This is the last day with the ‘Easter’ label, as we come to the final events of the season, the Ascension of Jesus shortly followed by the celebration of the coming of the Holy Spirit on Pentecost. The readings again move between the experience of the first Christians and the words of Jesus at the Last Supper.
Acts 8:5-18, 14-17
The background to this selection is not heard in the liturgy. Luke, the author of Acts, has shown previous to this selection how the eager reception of the Christian message in Jerusalem in the first days after Pentecost changed into persecution by some of the Jewish authorities. This caused a migration of the Christian community out of Jerusalem. Philip we heard of in last week’s mass as one of the Hellenists chosen for the distribution of food. Whether he decided to go to to Samaria or was sent we are not told. He seems to be alone and now is preaching, healing and doing other kinds of ‘miraculous’ works Jesus had done in his ministry. Earlier Luke had said the preaching of the word was the task of the Apostles but clearly now, others are also taking on that ministry. Some difference in authority, however, may explain Philip not baptizing in the name of the Holy Spirit as well as Jesus and Peter and John doing the ‘laying on of hands’ for the coming of the Spirit on the Samaritans.
There is a sense of the new communities being bonded together with the Jerusalem Christians when Peter and John come to pray for them. The final focus on the account of their receiving the Holy Spirit is leading us towards the feast of Pentecost in two weeks’ time.
Psalm 65/66:1-7, 16, 20
The psalm is another one of Easter joy, with a special reference to ‘tremendous deeds’ which fits the healings and exorcisms of Philip.
1 Peter 3:15-18
In the reading from Acts, we heard how miracles brought people to faith in Jesus. In Peter’s letter, he focuses on another means of evangelizing: how the lived-out daily dedication to Jesus is an example that will bring others to belief. There is also an emphasis on the potential for suffering that comes with holding to the faith – something close to Peter after the events in Jerusalem told in Acts and he himself living later under the persecution of Nero. Martyrdom is still happening in our times for Christians in various parts of the world. It is easy to resent any persecution when you have been innocent, so Peter reminds them that this is better that being guilty! The example of Jesus’ own suffering is one that has inspired many martyrs.
Again we are hear from the Farewell Address of Jesus John sets at the Last Supper. Today we have Jesus’ promise of the coming of the one who will replace for the disciples his physical presence as he is about to return to the Father. The Greek word used, which can be translated ‘Paraclete’, is discussed in detail in Raymond E. Brown’s commentary on John. He says no one English word can capture ‘the complexity of the functions that this figure has’. He goes on to list witness in defence of Jesus and a spokesman of the disciples in the context of his trial by his enemies, a consoler, a guide and thus a teacher and helper. The ‘Advocate’ used in our reading comes from the Greek legal background of one who helps a person in a trial. In later parts of this long discourse of Jesus, he spells some of these aspects out. Here Jesus speaks of a ‘Spirit of Truth’ and we most often use the term ‘Holy Spirit’ for this powerful presence in our lives and in the Church.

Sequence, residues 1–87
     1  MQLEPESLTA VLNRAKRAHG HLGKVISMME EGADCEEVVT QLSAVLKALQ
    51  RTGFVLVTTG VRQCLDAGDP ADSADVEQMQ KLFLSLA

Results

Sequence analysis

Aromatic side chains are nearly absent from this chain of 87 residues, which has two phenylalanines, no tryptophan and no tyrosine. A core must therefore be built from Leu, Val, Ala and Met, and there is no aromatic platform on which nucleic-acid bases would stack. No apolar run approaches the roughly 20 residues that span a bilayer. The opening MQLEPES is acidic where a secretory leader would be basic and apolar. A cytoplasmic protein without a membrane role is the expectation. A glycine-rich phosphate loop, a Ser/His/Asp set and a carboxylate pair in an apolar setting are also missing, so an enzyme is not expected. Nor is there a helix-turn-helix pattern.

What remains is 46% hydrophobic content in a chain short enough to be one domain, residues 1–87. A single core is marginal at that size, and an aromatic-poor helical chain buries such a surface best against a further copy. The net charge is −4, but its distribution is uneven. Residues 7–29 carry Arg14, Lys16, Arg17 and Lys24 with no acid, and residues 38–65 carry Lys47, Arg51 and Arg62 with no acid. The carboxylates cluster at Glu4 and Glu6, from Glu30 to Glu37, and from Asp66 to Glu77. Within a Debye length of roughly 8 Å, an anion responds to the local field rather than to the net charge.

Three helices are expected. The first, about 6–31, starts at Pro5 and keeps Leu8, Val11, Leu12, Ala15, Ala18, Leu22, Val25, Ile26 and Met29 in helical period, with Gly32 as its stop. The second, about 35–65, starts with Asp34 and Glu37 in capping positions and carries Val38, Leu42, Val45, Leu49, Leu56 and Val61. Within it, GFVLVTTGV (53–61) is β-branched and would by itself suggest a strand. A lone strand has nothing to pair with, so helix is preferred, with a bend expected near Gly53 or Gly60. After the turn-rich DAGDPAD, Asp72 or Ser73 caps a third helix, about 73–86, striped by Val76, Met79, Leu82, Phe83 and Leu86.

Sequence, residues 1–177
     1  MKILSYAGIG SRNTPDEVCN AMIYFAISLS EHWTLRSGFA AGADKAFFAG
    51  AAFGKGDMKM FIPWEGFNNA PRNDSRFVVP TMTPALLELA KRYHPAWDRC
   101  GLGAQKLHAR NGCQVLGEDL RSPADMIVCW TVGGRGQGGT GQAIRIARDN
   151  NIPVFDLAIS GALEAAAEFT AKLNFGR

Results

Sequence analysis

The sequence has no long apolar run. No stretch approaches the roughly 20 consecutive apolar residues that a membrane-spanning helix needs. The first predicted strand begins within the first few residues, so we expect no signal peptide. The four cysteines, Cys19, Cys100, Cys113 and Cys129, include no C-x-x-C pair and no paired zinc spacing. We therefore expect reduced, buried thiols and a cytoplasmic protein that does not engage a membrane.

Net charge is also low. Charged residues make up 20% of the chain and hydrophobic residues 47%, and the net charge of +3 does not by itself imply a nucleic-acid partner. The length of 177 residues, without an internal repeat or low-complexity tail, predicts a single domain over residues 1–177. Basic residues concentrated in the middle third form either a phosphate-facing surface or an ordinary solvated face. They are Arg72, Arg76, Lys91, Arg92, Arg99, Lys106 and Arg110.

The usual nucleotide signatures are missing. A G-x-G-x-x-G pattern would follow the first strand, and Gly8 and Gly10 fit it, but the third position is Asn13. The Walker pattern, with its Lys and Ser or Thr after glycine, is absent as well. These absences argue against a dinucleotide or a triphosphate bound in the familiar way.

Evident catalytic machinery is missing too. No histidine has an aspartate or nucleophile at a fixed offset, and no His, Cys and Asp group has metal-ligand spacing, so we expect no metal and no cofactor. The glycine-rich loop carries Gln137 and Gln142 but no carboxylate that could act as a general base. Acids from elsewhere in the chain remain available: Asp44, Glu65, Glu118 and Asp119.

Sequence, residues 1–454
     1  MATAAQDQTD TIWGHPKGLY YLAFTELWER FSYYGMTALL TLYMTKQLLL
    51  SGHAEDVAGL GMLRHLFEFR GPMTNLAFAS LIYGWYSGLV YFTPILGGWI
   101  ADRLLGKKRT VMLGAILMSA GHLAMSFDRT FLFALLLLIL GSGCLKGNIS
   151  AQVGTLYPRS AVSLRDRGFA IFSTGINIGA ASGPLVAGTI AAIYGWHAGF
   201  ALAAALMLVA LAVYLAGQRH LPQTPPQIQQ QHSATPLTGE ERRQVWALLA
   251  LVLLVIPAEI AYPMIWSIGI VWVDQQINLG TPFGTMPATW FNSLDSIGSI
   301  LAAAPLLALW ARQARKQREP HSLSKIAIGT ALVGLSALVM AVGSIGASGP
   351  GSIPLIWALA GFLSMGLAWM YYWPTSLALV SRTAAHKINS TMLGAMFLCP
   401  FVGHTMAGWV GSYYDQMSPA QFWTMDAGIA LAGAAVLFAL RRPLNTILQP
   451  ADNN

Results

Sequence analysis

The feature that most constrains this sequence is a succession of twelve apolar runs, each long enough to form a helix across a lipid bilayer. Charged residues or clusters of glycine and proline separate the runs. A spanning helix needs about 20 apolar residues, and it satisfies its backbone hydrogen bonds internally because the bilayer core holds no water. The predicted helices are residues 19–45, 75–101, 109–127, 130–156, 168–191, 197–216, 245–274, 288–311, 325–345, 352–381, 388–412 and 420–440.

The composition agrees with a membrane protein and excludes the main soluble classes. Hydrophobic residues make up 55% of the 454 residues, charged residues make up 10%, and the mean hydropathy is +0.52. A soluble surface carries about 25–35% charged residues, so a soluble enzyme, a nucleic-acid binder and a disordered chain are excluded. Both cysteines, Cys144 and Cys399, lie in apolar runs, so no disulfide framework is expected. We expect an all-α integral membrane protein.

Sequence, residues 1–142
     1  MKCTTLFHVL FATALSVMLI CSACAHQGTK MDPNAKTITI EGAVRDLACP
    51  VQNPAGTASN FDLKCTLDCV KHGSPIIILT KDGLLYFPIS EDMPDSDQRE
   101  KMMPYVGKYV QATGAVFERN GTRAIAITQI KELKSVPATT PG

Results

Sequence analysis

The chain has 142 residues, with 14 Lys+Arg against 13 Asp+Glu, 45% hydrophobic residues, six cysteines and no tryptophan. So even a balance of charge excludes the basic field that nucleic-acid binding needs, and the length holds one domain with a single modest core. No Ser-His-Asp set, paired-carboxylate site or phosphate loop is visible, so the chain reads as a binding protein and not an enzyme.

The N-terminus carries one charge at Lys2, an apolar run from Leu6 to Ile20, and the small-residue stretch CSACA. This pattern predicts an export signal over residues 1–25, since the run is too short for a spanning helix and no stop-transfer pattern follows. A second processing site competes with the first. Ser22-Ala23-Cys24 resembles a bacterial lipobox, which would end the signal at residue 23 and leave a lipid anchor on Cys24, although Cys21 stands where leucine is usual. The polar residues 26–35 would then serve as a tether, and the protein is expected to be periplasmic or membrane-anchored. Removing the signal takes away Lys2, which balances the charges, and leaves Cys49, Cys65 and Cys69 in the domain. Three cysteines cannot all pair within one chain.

Throughout the whole of this long speech, Jesus speaks of the interrelationship of Father, Spirit and Jesus himself in various ways that are different from the kind of ‘definition of the Trinity’ later theologians will attempt. (One example of that wording is the creed from the Counsel of Nicaea in 787 that we profess at Sunday masses.) Instead Jesus describes how we experience the presence of each ‘Person of the Trinity’ and how we are drawn into that relationship in our own lives. It is a more concrete way to approach what must remain mysterious to us –the nature of God.
Important throughout all of this part of John is the emphasis on the commandments of Jesus which he summarizes as loving not only God, but loving others as Jesus himself loves them. Brown says Jesus’ commandments ‘are not simply moral precepts: they involve a whole way of life in loving union’. This is a demanding challenge when we think of the depths of the ways Jesus showed his love and forgiveness ‘to the end’, with his suffering and death before resurrection. It is the presence of the Spirit, of Jesus, and the Father in us that makes it possible for us to share that same love.
When you have time for reflection, you can read more of the Farewell Address, running from Chapter 14 to 17, ending in Jesus’ prayer for all his disciples as he goes to his death. That is a good preparation for Pentecost.